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Wal-Mart Embraces RFID's Green Potential

The retailer says it is using the technology not only to improve customer service and profitability, but also to boost the planet's environmental health.
By Claire Swedberg
May 01, 2007"What's good for the planet is good for business," said Wal-Mart's CIO, Rollin Ford, who extolled RFID's potential to improve the environmental health of the world and the financial health of the retail giant and its suppliers, as well as provide benefits to its customers. At Monday's keynote address at RFID Journal LIVE! 2007, Ford reiterated Wal-Mart's goal to deploy RFID at another 400 of its stores this year, in addition to the 1,000 already using the technology to track cases and pallets of goods.

In addition, Ford said, Wal-Mart intends to use the technology to help increase all its stores' efficiency by 20 percent within seven years. "We're not backing off, or slowing down," he asserted.

Rollin Ford
"Over the past year, Wal-Mart has been very public about its focus in sustainability," Ford told attendees, drawing a connection between greater supply chain efficiency—resulting from RFID technology use—and sustainability. "Certainly, there are places within the supply chain where inventory becomes inaccurate," he said. "Using RFID to locate errors, get to root causes and achieve accurate forecasts leads to efficiency, which leads to sustainability."

Wal-Mart predicts that in helping to track inventory more accurately, RFID will improve sustainability by reducing unnecessary truck deliveries, as well as by reducing customers' trips to the store for items that were out of stock during their initial visit. "Twenty-four million people shop our stores every day. If only 100,000 extra trips are saved by having stock there," he said, exhaust emissions would drop, benefiting the environment.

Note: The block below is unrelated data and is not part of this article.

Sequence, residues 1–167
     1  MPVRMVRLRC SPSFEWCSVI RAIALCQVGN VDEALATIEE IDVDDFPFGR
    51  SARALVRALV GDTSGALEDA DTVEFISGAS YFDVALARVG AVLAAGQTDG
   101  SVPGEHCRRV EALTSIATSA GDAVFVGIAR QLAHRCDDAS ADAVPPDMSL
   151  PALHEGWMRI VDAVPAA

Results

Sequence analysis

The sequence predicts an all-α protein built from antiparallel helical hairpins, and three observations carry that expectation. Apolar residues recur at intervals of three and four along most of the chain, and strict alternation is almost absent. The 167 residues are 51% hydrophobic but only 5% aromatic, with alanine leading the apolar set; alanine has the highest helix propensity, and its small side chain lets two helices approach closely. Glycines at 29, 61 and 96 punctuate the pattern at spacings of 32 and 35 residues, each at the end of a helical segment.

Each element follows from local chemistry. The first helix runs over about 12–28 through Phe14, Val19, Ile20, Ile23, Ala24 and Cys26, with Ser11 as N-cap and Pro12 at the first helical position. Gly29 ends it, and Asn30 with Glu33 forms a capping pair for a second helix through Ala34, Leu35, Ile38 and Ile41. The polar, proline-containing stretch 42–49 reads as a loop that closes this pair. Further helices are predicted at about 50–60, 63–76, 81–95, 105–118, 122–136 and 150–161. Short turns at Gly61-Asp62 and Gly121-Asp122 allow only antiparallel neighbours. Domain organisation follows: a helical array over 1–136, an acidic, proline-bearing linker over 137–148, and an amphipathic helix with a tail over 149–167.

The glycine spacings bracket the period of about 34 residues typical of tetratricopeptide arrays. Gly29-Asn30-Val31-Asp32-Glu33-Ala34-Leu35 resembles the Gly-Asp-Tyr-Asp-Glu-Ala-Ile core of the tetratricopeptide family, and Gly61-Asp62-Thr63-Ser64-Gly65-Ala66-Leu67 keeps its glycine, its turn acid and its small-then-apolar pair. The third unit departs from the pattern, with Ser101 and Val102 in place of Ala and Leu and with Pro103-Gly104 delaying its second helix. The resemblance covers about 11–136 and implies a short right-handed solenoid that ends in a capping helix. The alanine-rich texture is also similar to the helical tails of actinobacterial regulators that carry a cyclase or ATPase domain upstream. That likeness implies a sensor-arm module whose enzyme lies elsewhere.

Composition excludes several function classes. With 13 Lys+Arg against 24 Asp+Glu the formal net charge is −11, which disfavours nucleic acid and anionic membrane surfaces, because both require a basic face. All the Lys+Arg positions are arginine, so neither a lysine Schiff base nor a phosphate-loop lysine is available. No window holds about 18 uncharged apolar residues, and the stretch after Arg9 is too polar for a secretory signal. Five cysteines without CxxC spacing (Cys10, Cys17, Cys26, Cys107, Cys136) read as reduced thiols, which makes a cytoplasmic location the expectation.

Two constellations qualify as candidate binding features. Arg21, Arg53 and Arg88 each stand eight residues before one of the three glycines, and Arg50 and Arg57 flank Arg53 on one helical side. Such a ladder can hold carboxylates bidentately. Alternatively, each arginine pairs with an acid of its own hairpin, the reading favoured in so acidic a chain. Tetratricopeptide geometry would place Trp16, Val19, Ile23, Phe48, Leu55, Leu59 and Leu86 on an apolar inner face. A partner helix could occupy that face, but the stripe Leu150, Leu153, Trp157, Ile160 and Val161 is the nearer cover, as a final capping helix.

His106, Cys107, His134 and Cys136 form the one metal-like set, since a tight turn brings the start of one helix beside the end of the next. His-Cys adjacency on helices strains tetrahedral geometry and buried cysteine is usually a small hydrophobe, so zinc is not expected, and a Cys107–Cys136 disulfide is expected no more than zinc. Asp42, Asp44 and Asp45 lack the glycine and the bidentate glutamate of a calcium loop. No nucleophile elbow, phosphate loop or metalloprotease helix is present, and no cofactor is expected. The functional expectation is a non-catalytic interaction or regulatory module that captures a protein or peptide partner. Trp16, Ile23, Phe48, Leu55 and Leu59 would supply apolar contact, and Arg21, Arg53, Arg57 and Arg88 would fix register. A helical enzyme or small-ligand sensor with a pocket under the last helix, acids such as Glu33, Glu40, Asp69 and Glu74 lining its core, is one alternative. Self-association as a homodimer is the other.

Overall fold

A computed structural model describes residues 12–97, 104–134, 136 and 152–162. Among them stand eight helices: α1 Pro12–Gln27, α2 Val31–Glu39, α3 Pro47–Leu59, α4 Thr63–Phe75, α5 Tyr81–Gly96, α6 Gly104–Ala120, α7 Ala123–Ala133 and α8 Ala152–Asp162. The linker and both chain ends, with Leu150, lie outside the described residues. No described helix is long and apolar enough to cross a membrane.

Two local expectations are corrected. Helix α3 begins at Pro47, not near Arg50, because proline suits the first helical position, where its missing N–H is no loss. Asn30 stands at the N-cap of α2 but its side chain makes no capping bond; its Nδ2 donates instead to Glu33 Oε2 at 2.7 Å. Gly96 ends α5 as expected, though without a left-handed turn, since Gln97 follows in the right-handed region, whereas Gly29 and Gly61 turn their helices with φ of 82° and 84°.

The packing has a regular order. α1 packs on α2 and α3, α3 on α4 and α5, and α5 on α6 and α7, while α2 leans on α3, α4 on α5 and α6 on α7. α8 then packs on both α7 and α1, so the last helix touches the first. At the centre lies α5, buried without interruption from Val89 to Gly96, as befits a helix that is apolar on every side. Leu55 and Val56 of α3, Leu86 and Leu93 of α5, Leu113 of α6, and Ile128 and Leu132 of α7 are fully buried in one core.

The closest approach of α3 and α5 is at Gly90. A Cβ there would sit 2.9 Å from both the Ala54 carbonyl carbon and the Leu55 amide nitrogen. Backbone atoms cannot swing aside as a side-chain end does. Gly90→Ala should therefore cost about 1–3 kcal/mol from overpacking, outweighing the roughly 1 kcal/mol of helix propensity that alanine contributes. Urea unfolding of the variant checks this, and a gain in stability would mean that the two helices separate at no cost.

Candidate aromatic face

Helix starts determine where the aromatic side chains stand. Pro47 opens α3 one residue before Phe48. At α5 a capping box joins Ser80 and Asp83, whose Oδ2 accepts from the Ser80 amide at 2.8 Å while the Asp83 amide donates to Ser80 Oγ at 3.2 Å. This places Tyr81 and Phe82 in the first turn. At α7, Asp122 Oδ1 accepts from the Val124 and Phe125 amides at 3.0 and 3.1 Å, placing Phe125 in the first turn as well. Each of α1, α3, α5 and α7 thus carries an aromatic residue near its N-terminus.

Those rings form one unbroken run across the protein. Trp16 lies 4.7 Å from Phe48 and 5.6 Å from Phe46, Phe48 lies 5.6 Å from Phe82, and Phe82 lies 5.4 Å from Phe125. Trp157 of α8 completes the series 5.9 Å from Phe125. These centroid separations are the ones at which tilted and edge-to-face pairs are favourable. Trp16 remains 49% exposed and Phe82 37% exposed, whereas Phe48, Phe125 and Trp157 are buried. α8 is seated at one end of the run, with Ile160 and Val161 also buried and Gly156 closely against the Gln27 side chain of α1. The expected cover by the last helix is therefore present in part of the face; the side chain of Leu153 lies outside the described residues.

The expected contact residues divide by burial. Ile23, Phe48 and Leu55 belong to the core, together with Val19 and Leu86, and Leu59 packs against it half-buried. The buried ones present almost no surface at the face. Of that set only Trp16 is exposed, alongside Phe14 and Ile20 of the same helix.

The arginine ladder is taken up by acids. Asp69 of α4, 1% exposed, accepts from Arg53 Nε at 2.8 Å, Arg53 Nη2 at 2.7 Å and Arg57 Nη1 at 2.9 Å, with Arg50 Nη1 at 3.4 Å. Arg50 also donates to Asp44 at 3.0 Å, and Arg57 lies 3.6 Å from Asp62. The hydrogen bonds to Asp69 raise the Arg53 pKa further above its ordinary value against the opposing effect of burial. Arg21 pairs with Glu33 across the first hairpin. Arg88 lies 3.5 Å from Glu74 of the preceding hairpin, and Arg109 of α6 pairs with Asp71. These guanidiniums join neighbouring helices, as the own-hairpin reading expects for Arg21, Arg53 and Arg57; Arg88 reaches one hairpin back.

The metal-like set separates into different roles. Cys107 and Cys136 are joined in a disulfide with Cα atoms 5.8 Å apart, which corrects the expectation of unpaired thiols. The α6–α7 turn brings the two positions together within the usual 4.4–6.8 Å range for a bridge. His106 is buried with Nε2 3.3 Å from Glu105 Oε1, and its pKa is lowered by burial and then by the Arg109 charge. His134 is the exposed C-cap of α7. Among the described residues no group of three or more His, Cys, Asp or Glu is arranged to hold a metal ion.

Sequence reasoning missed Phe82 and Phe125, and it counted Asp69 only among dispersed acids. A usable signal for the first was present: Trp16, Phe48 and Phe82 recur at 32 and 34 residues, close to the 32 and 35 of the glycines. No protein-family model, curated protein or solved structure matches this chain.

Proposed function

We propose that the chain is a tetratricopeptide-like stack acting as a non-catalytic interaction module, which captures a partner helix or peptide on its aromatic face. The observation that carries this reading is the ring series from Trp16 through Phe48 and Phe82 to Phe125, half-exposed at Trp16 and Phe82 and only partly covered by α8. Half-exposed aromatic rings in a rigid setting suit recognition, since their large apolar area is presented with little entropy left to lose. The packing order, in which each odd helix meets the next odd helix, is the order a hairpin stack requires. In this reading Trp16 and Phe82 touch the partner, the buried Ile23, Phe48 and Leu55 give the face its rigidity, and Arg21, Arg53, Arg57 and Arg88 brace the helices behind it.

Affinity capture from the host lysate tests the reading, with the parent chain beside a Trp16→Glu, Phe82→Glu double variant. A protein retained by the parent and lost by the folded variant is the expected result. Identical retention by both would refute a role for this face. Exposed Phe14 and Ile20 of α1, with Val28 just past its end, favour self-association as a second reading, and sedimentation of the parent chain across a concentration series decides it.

But it's not just the planet that serves to benefit from such plans. Out-of-stocks, Ford explained, costs Wal-Mart and its suppliers lost sales amounting to about 2 percent of the retailer's entire sales—and almost half of that 2 percent is the result of inventory inaccuracies. If RFID were to resolve about 10 percent of that inaccuracy, he predicted, the retailer and its suppliers could gain about $250 million annually.

To help it achieve this goal, Wal-Mart is using RFID-enabled forklifts to track tagged cases and pallets at some of its Sam's Club stores. This deployment, Ford stated, allows the store to locate merchandise in back rooms and warehouses with 99.9 percent accuracy.

"The bottom line," said Ford, "is we're going to continue to invest and innovate, and be sure RFID is affordable and available [to suppliers]." He added, "We will continue partnering with others, providing education and sharing best practices," as well as providing improved visibility of data.

Additionally, the retailer is looking at how RFID could be used to reduce the waste stream for electronic devices. Wal-Mart is part of a group of companies applying for a grant with the Environmental Protection Agency to research ways RFID technology could be part of a solution.
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